Friday, June 24, 2005

Hooded Oriole...

spotted the other day at our bird feeder.

I had just by chance looked out the window and there it was a female Hooded Oriole. WOW!!!!!!!
This is the first oriole we have gotten at the feeder.

Josh

Hualapai birding trip

This past Tuesday we were fortunate to go birding with two of the most knowledgable woman in Las Vegas to the Hualapai Mountains in Arizona.

We weren't even out of the city when we were given our first surprise by our guides when we were shown burrowing owls along the highway going to Boulder City. Josh and I couldn't believe it. One was sitting on a light post while the other was sitting right on the side of the road.

On the highway to Kingman we saw numerous redtailed hawks and ravens along with more than a few nests on the poles. A stop along the way right before we went into Haulapaii mountains gave us views of cassin's kingbird, mama quails and many babies, canyon towhee, crissel thrasher, lucy's warbler, and also blackthroated sparrows.

On arrival in the picnic area of Haulapai we saw a few acorn woodpeckers. We also saw an amazing sight. One of the trees there is the woodpecker's granary tree and is filled from top to bottom with holes with acorns in them. At the vistor's center we saw a group of turkey vultures soaring in the sky overhead. Looking more closely at the group we realized that one turned out to be a zone tailed hawk. It's important to remember to always give closer inspection when seeing what you think are turkey vultures because the zone tailed hawks fly along with them sometimes. The reasoning behind this being that rodents and other small mammals will look up and see the turkey vultures and not worry because they are carrian eaters and scavenge their food. They won't be as on guard. This gives the zone tails the chance to swoop down and catch them. While in the mountains we also saw Grace's warbler, a flock of bush tits, white breasted nuthatches, western bluebirds, western wood peewee, black headed grosbeak, house wren, say's phoebe, lesser goldfinch, chipping sparrows, spotted towhees, and western scrub jay.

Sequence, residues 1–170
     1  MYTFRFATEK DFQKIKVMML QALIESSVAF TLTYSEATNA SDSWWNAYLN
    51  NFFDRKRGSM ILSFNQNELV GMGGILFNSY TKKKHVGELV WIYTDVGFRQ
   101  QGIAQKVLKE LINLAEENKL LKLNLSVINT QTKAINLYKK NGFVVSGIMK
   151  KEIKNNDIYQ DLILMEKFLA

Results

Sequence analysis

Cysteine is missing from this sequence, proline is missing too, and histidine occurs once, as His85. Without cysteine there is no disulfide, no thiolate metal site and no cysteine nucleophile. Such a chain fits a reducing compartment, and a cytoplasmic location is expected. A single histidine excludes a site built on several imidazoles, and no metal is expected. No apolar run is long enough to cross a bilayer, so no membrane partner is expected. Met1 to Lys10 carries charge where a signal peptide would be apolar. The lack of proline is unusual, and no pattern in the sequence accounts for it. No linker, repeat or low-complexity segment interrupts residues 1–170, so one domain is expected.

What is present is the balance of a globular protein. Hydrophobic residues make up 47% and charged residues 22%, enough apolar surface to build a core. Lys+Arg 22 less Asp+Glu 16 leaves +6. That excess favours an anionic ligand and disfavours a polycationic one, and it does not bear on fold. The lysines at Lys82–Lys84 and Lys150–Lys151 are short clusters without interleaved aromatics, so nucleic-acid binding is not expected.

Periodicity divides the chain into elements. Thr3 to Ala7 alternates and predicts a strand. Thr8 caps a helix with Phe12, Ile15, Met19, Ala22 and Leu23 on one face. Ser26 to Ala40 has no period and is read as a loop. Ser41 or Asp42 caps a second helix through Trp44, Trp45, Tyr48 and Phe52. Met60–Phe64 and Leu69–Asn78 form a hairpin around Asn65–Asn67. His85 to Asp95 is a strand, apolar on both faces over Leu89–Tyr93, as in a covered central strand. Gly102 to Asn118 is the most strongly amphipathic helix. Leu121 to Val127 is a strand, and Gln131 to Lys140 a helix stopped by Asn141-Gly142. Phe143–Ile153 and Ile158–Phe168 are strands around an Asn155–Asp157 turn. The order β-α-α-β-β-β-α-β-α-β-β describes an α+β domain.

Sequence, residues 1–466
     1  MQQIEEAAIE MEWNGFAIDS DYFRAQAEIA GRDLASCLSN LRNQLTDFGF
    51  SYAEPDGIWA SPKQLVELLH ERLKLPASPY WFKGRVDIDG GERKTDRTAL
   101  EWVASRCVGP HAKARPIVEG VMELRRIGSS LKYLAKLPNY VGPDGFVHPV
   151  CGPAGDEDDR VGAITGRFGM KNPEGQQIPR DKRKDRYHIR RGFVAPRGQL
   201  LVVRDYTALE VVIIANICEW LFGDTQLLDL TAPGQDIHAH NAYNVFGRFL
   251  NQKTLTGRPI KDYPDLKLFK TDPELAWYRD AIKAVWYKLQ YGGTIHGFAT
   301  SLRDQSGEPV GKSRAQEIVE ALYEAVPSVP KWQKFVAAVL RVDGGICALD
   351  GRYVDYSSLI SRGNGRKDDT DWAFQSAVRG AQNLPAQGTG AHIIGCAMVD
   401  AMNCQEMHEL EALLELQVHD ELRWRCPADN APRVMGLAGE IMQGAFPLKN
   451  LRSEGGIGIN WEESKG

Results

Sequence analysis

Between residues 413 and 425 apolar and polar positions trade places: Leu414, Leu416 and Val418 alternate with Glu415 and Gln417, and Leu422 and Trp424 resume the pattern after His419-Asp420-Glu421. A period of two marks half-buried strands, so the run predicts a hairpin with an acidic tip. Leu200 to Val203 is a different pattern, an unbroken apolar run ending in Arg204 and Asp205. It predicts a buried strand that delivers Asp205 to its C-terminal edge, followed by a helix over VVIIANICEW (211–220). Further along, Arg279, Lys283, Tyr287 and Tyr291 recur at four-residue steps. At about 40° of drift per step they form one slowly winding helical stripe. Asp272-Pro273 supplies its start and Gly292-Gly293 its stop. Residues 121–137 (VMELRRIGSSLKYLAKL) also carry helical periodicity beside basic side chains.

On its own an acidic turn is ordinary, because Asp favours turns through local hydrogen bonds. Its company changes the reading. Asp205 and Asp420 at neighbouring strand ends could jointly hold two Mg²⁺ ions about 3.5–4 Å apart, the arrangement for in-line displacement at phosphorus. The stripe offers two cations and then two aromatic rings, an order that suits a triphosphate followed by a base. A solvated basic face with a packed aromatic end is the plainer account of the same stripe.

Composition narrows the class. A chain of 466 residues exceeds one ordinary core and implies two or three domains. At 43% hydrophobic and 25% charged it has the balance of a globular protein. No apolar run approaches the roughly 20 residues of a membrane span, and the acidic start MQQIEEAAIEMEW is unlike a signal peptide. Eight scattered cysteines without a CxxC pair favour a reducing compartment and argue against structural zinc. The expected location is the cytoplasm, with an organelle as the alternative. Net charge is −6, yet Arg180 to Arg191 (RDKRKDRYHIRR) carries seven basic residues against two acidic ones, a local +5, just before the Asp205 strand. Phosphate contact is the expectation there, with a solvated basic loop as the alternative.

A stop in Laughlin on the way home produced a single cliff swallow.

Josh and I were so grateful for the opportunity to bird with these two amazing women. They are always so giving of their time and knowledge. What an amazing day we had.

Wednesday, June 15, 2005

Summer's birding notebook

Recently Josh and I came across Summer's great blog about her own birding experiences. She also has a message board there and we have met the nicest bunch of people on it. Much great birding experiences shared amongst all. Be sure to check her site out and say hi. I have put a link on the side bar so you can find her.

Monday, June 13, 2005

birding trips galore

Since we got the blog up we have been so busy out and about birding that we haven't had time to even sit at the computer to log on and share our adventures. lol We have been to Corn Creek at Desert National Wildlife Range (twice), Red Rock Canyon conservation (twice), Henderson Bird Perserve (once) and to Pahranagat National Wildlife Refuge (twice).